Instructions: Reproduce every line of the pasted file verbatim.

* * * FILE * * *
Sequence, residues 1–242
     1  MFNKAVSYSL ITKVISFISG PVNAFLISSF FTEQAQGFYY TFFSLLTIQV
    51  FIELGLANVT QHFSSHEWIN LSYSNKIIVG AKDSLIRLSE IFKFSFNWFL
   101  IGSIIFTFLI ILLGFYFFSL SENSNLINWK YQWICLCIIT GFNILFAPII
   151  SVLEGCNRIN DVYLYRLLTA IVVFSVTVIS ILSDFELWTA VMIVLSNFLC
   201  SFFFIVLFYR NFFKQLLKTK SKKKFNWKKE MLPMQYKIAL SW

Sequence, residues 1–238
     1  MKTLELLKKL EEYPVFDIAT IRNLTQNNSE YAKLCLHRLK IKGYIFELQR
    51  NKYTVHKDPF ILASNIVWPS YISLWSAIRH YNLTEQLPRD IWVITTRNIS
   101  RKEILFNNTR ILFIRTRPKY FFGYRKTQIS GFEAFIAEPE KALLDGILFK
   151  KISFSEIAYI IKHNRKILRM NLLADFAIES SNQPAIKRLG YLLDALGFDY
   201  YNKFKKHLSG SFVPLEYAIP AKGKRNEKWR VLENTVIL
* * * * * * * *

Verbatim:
Sequence, residues 1–242
     1  MFNKAVSYSL ITKVISFISG PVNAFLISSF FTEQAQGFYY TFFSLLTIQV
    51  FIELGLANVT QHFSSHEWIN LSYSNKIIVG AKDSLIRLSE IFKFSFNWFL
   101  IGSIIFTFLI ILLGFYFFSL SENSNLINWK YQWICLCIIT GFNILFAPII
   151  SVLEGCNRIN DVYLYRLLTA IVVFSVTVIS ILSDFELWTA VMIVLSNFLC
   201  SFFFIVLFYR NFFKQLLKTK SKKKFNWKKE MLPMQYKIAL SW

Sequence, residues 1–238
     1  MKTLELLKKL EEYPVFDIAT IRNLTQNNSE YAKLCLHRLK IKGYIFELQR
    51  NKYTVHKDPF ILASNIVWPS YISLWSAIRH YNLTEQLPRD IWVITTRNIS
   101  RKEILFNNTR ILFIRTRPKY FFGYRKTQIS GFEAFIAEPE KALLDGILFK
   151  KISFSEIAYI IKHNRKILRM NLLADFAIES SNQPAIKRLG YLLDALGFDY
   201  YNKFKKHLSG SFVPLEYAIP AKGKRNEKWR VLENTVIL